By his own account, he was waiting to be ready for his "Beethoven Journey", and the time has apparently come. Since this would in all likelihood be yet another musical adventure to remember, my friends Paula - a long-time devotee - and Linden - a curious uninitiated - and I met in at Carnegie Hall on Wednesday night and happily joined the ever-increasing hordes of other Andsnes admirers.

From the get-go, opening the concert with Beethoven's Sonata No. 11 seemed like a perfectly appropriate way to pay homage to the composer's early-period works before moving to more exciting offerings. The thing is, however, that plenty of excitement came out of this not overly popular piece too, largely thanks to Leif Ove Andsnes' uncanny ability to expertly highlight the tiny details, boldly bring out the attractive colors and subtly underline the smooth textures. His clean-cut look for the evening conveyed an undeniable sense of respect and control, but there was no lack of carefree playfulness in his playing either.
Then we jumped over one and a half decade in time all the way to his late-period Sonata No. 28. Beautifully intimate in nature and technically complex in form, it received an assured and committed interpretation, all the way to the intricate, upbeat ending.
Back to the beginning of the 19th century after intermission, Andsnes turned the Six Variations on an Original Theme in F Major, Op. 34 into a fascinating exercise. Beside the innovative fact that each variations had its own key, the series was notable for its overall improvisatory, yet involved, feel.
The obvious anchor of the concert, Beethoven's middle-period "Appassionata" easily met and resolutely surpassed our wildest expectations. For this meaty pièce de résistance, Andsnes metaphorically got rid of his formal tie, unbuttoned his pristine shirt, and played with a no-holds-barred intensity that grandly swept everything on its way. The fact that he was able to steer so commandingly one of the most turbulent storms of the repertoire may not have been so surprising after all, and could unquestionably be counted as yet another supreme proof of his remarkable mastery of his craft.

Since neither the suddenly revved-up audience nor the newly liberated soloist seemed ready to leave, we got to enjoy three perfectly rounded encores, starting with more Beethoven courtesy of his "Bagatelle" in E-flat Major and Allegretto from Piano Sonata No. 22. To progressively cool off and wrap things up with a semi-unexpected touch, the very last party favor of the night had Leif Ove Andsnes go back to one of his first musical loves, Franz Schubert, and the exquisite rêverie that is his "Moment musical" No. 6. Then we all finally, if still reluctantly, left.

Wednesday, March 12, 2014

Met - Werther - 03/11/14

Composer: Jules Massenet
Conductor: Alain Altinoglu
Producer/Director: Richard Eyre
Werther: Jonas Kaufmann
Charlotte: Sophie Koch
Sophie: Lisette Oropesa
Albert: David Bizic

I have never been a big fan of Massenet no matter how hard I've tried. I enjoyed Thaïs with Renée Fleming and Thomas Hampton, but that was more for the mesmerizing singers than the actual opera, and I've always found Manon to be a vapid floozy definitely not worthy of all the attention she gets (Although I must admit that the image of Anna Netrebko singing a beautifully heart-felt "La petite table" a couple of years ago at The Met has been solidly anchored in my memory ever since). As for the rest of his fairly large œuvre, there actually may be a reason why it did not really survive the test of time. Just saying.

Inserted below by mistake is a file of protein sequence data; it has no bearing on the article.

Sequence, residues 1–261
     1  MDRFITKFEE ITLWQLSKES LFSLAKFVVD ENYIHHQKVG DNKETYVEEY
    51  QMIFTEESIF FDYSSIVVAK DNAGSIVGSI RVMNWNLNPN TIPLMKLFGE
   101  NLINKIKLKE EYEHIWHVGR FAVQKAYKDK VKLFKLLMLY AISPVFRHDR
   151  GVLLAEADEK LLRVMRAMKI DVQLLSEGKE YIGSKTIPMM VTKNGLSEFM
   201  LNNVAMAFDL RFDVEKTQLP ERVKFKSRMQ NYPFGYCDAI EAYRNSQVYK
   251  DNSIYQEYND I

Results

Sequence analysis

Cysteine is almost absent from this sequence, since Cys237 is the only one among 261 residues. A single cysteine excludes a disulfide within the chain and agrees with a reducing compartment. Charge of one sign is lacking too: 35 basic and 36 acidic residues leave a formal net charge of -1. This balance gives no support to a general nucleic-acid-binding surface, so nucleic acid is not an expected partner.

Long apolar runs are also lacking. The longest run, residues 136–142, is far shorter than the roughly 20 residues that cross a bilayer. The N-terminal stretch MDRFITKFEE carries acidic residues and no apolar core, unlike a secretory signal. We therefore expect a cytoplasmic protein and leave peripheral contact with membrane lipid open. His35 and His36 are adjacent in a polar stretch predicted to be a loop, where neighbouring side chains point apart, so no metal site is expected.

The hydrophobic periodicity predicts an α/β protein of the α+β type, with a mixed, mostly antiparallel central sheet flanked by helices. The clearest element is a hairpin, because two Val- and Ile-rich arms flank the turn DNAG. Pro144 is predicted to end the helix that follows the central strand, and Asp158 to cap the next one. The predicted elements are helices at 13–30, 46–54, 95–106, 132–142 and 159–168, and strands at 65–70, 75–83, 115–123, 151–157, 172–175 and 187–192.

So I had never been particularly interested in his Werther either. However, Goethe's popular novel The Sorrows of Young Werther, with its simple and dramatic story, certainly seemed ready-made for an opera treatment. Then It Tenor of the moment Jonas Kaufmann and highly regarded mezzo-soprano Sophie Koch got signed by The Met as the ill-fated couple, instantaneously increasing the production's hotness level. And finally, I should not be put down anything I haven't gotten a chance to experience in person anyway.

So I decided to give it a try last night, and so did many, many others. I couldn't help but feel sorry for the large contingent holding standing-room tickets as they were gamely climbing to the top of the Family Circle section with no hope whatsoever of being able to grab an empty seat during intermission. The performance was "only" three hours, but even such a reasonable duration can feel like a long time when one has to content oneself with standing room and limited view.
And all that, let's face it, for most people was probably not endured to experience Massenet's opera live or to check out Sophie Koch, who has been positively buzzed about, but is still relatively unknown on this side of the pond, but for über-popular Jonas Kaufmann. At least, he did not disappoint. From his first appearance as the quintessential Romantic poet, as impossibly handsome as ever with tussled dark hair and a long black coat, he eerily looked the part. And man, can he brood.
But the real treat was to hear him use his stentorian power to forcefully convey his uncontrollable feelings toward the woman he loves and cannot have. Even his warmer and softer notes had a moving honesty and desperation to them, all the way to his pianissimo dying words. Needless to say, his eagerly awaited, impeccably soaring "Pourquoi me réveiller" was rewarded by a frenzied ovation almost as long as the aria itself. Tired of moping around, the frustrated young man was getting really angry, and the moment was divine.